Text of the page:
Beijing sentenced over 50 individuals – many everyday Chinese people – to prison for the offense of posting unfavorable comments about President Xi Jinping or the Chinese Communist Party on foreign social media platforms, the Wall Street Journal reported.
The paper, citing court records and a database produced by free-speech activists, reported that the sentencings were seen as an attempt by Beijing to consolidate speech and punish criticism on platforms outside of the country’s internet.
The report said some of the topics ranged from discussions about Hong Kong, Taiwan, the Chinese Communist Party, and its treatment of Muslim Uighurs in the western Xinjiang region.
Former Secretary of State Mike Pompeo said during his last day in office that he determined China is committing “genocide and crimes against humanity” in the region by targeting the ethnic group.
Yaqiu Wang, a China researcher with Human Rights Watch, told the Journal that Beijing “knows well from its domestic experiences that propaganda only works when it is coupled with censorship of opposing views.”
One of those sentenced was Zhou Shaoqing, who was given nine months in prison over a Twitter post in February that questioned coronavirus infections, according to the paper.
He took to Twitter and astutely posted, “The Chinese Communist Party system regards stability as its principle, and in the face of big problems, everyone protects themselves.” He went on to say that health officials and hospitals would all eventually “reduce the number of confirmed cases” for the public’s digestion.
The paper reported that later that month, three men arrived at his apartment dressed as neighborhood volunteers. Once he let them in, seven police officers rushed in and pinned him to the floor to make the arrest. He had a grand total of 300 Twitter followers at the time. 
TREND FORECAST: The Chinese police scheme of using a front to open the door and then have cops rush in and arrest the person is no different than what has long been going on in so-called western democracies such as the U.S., the U.K., France, the Netherlands, etc. Yet, the way it is reported by the Presstitute media, it appears only the Chinese use such anti-freedom/military tactics.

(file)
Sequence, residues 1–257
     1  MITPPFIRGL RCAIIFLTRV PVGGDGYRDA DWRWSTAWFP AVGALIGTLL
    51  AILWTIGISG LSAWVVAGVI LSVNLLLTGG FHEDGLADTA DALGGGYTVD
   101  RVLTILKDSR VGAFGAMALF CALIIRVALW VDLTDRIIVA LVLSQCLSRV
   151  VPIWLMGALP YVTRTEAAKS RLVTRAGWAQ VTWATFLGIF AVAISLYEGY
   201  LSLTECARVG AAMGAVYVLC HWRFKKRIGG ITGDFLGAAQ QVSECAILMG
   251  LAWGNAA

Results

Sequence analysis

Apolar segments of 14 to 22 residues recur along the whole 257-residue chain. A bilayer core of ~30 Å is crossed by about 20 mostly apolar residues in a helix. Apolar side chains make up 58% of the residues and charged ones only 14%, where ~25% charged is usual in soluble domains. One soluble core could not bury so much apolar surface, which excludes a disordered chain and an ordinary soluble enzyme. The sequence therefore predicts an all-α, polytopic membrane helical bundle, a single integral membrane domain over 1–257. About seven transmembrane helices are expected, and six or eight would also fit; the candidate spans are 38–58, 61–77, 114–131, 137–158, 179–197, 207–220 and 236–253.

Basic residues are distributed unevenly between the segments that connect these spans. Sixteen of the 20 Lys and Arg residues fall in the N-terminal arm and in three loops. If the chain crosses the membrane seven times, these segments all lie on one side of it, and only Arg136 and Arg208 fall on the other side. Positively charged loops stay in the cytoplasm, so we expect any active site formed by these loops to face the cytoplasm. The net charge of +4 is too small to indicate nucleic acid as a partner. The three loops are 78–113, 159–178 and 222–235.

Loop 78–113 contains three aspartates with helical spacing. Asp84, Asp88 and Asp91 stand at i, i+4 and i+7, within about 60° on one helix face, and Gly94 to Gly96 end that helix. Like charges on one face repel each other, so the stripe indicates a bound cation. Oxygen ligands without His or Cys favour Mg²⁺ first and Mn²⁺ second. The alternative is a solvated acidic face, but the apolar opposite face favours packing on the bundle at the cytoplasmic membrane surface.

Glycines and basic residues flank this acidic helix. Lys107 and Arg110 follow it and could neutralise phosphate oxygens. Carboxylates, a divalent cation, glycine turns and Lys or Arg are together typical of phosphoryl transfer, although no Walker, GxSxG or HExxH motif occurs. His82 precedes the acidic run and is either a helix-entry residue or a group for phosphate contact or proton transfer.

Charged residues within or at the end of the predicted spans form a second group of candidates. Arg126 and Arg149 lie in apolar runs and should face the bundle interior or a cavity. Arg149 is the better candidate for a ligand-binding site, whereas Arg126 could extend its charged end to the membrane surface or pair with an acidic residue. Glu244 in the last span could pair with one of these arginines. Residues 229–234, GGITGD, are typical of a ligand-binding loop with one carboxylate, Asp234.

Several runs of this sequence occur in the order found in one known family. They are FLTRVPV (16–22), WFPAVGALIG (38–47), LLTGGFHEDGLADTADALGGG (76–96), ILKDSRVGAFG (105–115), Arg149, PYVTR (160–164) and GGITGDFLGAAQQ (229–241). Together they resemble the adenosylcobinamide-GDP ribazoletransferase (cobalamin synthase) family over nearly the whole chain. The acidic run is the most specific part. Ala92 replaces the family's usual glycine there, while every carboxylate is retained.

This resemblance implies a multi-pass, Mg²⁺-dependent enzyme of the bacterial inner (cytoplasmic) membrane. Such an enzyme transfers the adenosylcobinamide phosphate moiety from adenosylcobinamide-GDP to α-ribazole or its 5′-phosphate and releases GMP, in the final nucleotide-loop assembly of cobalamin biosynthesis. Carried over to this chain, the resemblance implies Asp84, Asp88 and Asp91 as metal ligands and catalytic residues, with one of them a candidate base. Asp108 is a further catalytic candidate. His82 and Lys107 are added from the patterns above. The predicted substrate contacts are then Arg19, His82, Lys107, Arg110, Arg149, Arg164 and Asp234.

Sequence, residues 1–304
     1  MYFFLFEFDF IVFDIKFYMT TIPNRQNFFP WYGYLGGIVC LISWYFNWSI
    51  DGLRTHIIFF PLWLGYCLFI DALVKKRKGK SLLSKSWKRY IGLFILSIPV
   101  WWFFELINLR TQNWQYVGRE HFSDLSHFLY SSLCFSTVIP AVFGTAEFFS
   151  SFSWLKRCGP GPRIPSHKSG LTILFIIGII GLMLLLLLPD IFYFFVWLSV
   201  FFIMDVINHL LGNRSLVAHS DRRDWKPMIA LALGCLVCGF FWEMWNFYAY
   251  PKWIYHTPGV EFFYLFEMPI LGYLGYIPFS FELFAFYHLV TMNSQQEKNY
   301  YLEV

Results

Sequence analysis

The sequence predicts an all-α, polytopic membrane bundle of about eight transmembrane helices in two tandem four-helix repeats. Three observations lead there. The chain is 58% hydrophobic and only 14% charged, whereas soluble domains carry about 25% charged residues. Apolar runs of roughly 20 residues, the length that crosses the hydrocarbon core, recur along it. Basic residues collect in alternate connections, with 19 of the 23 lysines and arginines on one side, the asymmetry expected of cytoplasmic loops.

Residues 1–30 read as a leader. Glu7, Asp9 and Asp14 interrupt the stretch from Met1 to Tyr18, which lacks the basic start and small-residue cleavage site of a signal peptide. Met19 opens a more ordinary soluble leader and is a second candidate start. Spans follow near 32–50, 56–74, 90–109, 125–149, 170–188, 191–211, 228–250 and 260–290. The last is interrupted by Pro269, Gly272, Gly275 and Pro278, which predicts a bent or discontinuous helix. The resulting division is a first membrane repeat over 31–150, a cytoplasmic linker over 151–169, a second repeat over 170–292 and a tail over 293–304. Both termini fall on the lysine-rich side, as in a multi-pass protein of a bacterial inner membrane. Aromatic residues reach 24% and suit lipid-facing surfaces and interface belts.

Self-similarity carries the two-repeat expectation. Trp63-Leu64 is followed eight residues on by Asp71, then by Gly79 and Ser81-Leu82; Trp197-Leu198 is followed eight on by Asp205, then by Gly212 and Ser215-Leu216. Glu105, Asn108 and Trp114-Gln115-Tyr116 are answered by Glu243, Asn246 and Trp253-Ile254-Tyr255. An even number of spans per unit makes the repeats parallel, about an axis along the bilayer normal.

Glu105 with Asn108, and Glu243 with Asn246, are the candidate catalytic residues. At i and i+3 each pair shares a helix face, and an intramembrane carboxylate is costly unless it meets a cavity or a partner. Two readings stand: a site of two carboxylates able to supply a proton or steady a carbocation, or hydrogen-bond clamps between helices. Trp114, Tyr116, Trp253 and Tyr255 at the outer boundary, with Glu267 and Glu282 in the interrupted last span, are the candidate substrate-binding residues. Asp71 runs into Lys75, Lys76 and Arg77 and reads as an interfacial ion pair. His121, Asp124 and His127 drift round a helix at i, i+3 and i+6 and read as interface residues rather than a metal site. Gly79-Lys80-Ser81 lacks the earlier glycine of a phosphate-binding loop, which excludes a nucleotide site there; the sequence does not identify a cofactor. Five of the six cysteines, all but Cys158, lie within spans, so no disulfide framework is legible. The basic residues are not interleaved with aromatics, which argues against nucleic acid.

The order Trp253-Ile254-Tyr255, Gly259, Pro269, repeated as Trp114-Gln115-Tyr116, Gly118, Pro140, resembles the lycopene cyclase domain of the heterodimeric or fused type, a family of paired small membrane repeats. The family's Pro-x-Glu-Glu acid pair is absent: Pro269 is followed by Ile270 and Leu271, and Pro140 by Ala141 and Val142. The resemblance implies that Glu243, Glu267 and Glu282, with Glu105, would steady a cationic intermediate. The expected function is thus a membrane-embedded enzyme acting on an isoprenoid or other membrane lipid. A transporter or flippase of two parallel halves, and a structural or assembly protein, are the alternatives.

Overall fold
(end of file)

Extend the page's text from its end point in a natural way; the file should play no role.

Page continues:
Forgetting that Washington, D.C. has been taken over by the U.S. military and some 30,000 troops closed the city down on Inauguration Day to lock out protestors who believed the American election was stolen… the mainstream media attacked the Russian military squads for doing what western nations do to break up protests. 
On Sunday, CBC News reporter Chris Brown, reporting from Moscow, covered the protests of Putin critic and head of Russia of the Future, Alexei Navalny, who was sent to jail when he returned to Russia on 17 January. Brown began the broadcast in a tense voice saying, “This is a line of riot police with their batons looking very intimidating indeed, on a day of unprecedented security here in Moscow.”
He went on, saying, “Unprecedented security, we’re talking riot police, we’re talking national guard, regular police by the thousands… you can see these riot squad officers marching toward the crowd looking very intimidating.”
Again, it is a double standard. Hate your enemies but salute those you love who commit the same brutal behavior. Rarely, if ever, do these Presstitutes display Brown’s intensity or use his kind of language when the police and military in western nations use the same tactics. And as for “unprecedented” and “intimidating,” the armored vehicles and military drag many police troops dress up in America to smash into people’s homes and break up protests is of the highest levels of dictatorial governments. 

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